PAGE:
Every week we get Down & Dirty, in which Nozlee Samadzadeh breaks down our favorite seasonal fruits, vegetables, and more by the numbers.
There's a lingering stereotype about brussels sprouts that says they're mushy, funky, and to be avoided. Not so! Brussels sprouts, which originated in Northern Europe in the 13th century or so, are actually the greatest of all brassicas: they have cabbage's vegetal sweetness, kale's versatility, cauliflower's nuttiness, and more surface area (which equals more potential crispiness) than just about any other vegetable.
1. Baseball Bat: Yes, this is what a stalk of brussels sprouts looks like! (If you've ever seen a kale plant, which has leaves coming off a thick central stem, this will be familiar.) The sprouts reach maturity from the bottom up -- in fact, you can harvest sprouts from the bottom and the stalk will keep growing on top, which means you'll have brussels sprouts all season long. When the stalk reaches 2 feet or so in length, it's customary to "top" them by pinching off the top-most sprouts. This forces the stalk to put its energy into developing its existing sprouts instead of growing new ones it may not be able to support before the frost.
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2. Baby Cabbages: Off the stalk, this is what you get: 1-2" orbs that look like tiny baby cabbages. It's customary to trim away any yellowed or oversized leaves before cooking, but otherwise these are ready to eat. Like many other vegetables, they start to lose their sweetness after picking. Keeping them on the stalk delays this process a bit, but eat your sprouts quickly! And keep an eye out for the heirloom Rubine variety of brussels sprouts, which are a gorgeous shade of bright purple due to the anthocyanin flavonoids in the plant. (See also: cabbages, grapes, and kohlrabi.)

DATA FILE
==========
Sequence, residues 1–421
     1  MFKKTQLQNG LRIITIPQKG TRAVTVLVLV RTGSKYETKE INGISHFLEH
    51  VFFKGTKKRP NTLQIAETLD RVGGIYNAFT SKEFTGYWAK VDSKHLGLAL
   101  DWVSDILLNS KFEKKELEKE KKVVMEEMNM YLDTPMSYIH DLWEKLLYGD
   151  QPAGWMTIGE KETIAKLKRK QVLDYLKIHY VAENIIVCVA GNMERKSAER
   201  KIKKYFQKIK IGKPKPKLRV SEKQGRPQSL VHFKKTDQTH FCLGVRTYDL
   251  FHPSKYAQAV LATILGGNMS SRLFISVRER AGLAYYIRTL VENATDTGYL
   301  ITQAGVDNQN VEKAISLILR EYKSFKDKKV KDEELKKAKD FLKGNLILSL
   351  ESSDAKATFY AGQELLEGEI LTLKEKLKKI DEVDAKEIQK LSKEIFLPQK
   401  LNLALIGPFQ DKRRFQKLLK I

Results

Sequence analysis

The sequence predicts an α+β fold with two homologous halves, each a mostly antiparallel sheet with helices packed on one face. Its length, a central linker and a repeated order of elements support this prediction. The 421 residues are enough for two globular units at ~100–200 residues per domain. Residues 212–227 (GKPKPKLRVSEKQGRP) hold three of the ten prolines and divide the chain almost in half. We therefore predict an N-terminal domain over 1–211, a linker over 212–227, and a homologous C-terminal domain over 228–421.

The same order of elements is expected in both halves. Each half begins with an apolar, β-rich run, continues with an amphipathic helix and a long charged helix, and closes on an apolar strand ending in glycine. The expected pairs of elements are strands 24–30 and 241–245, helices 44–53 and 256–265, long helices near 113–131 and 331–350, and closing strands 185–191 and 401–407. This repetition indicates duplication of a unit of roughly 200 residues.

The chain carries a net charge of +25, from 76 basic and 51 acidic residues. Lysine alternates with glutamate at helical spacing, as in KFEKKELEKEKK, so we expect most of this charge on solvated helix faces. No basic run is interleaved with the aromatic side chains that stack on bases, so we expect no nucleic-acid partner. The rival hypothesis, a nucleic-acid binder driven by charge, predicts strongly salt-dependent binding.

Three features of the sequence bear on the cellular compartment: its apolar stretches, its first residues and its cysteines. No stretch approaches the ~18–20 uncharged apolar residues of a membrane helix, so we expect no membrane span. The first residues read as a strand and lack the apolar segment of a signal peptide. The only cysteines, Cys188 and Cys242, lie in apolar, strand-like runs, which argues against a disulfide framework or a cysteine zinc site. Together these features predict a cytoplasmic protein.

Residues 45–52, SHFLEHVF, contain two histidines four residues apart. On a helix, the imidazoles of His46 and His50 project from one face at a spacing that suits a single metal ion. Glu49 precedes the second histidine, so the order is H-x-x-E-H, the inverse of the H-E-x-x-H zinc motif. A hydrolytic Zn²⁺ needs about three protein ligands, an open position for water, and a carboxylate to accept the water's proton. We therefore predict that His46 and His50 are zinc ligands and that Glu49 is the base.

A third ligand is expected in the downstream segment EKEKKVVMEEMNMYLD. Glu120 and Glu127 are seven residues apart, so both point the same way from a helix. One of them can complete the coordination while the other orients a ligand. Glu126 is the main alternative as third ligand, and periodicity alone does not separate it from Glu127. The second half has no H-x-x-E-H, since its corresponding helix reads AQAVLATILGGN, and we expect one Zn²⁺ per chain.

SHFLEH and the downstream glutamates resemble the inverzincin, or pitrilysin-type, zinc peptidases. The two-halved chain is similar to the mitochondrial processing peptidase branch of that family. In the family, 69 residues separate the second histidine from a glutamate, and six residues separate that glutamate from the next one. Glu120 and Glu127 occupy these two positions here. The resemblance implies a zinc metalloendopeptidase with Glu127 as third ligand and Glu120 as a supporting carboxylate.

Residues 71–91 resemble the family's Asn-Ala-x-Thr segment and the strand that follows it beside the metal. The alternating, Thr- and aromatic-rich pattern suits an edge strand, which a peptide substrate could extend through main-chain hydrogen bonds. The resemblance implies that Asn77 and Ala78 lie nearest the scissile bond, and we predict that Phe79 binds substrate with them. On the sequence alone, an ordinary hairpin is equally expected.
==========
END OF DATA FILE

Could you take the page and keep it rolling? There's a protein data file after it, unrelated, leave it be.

3. Core of the Matter: To increase surface area and allow for more even cooking, it's best to halve sprouts; whole ones can get mushy in the middle despite their crisp exteriors. No need to cut out that core as you would for a cabbage -- it's tender and quick to cook.
4. In the Raw: Of course, you don't have to cook your sprouts at all! The loosened leaves make for a great slaw. Keep in mind though, that the delicate leaves wilt quickly under acidic dressings -- dress raw brussels sprouts salads just before serving.
Versatile and delicious, there are dozens of Food52 recipes for brussels sprouts -- so many that you could try a new preparation every meal for days: deep-fried, glazed, shredded, and even grilled. What's your favorite way to cook brussels sprouts?
I'm Nozlee Samadzadeh, a writer, editor, farmer, developer, and passionate home cook. Growing up Iranian in Oklahoma, working on a small-scale organic farm, and cooking on a budget all influence the way I cook -- herbed rice dishes, chicken fried steak, heirloom tomato salad, and simple poached eggs all make appearances on my bright blue kitchen table. I love to eat kimchi (homemade!) straight from the jar and I eat cake for breakfast.